- Temping keeps your skill set sharp. You know that sign on the wall at the gym—”Use it or lose it?” The same thing applies to your professional abilities. Often you go into a new assignment wondering how in the world you’ll every figure it out. Then you do, and there’s another win you can tell future employers about.
- Temping can facilitate a major career change. Let’s say you’ve spent your life so far in sales but you see a brighter future in IT. Maybe you’ve taken some courses or gotten some volunteer experience, but you’ve got no track record. If you can land yourself a temporary position, even at an entry-level wage, you’ll start building toward the career you really want.
In today’s economy, temping makes a lot of sense from the employer point of view as well. According to research conducted by Forbes, 36 percent of US companies will hire contract or temporary workers this year, up from 28 percent in 2009, according to the survey of more than 3,000 hiring managers and human resource professionals. They are maintaining their productivity while reducing their risk. That presents a tremendous opportunity to someone like you. If temping feels like a good place to be, I’d say go for it.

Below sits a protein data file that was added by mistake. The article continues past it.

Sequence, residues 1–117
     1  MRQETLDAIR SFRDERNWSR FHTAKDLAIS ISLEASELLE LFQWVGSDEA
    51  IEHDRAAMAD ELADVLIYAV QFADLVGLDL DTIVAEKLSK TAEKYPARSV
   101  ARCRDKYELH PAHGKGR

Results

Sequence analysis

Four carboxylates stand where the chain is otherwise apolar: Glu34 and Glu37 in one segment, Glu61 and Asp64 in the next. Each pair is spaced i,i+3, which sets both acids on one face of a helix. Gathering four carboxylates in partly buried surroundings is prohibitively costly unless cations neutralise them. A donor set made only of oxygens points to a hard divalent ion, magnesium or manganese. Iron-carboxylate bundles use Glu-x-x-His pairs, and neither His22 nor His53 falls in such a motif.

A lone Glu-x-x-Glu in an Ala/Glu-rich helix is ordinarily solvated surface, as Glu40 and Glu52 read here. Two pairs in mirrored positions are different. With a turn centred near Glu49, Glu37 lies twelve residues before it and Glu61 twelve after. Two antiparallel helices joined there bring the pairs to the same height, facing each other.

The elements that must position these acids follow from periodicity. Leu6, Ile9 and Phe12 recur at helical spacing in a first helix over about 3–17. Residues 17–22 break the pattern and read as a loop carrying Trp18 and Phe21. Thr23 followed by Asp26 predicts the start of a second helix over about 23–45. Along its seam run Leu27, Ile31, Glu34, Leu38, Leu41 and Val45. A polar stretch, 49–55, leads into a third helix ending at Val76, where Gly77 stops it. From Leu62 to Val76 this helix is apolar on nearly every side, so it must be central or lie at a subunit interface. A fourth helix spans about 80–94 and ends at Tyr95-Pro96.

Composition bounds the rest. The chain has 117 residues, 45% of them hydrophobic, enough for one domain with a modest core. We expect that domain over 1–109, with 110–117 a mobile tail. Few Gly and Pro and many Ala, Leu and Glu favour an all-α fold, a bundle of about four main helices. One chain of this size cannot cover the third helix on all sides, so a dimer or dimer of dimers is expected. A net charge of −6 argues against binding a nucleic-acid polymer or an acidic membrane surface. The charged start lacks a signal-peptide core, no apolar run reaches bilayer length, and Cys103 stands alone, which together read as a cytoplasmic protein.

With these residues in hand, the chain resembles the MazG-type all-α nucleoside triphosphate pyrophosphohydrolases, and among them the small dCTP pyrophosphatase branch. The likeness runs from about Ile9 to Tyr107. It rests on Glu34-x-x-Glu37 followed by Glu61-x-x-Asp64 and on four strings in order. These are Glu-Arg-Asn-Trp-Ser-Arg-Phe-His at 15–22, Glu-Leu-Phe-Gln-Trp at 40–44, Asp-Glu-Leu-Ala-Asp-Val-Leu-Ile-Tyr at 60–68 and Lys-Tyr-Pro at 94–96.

If you think temping may have potential for you, make a list of five action items you could do this week that would get you started down the temporary path.
Talkback: Are you (or have you been) a successful temp? How did you do it? Share your best advice here.
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“You cannot climb the ladder of success dressed in the costume of failure.”
~ Zig Ziglar ~
Client Bart Asks: I have a couple of job interviews coming up next week. A friend told me I ought to invest in a whole new wardrobe, including an expensive looking watch. I’m a pretty casual, laid-back guy. I’d feel almost like a phony in a three-piece suit and a Rolex watch. What should I do? Can the wrong clothes truly hurt my chances of getting hired?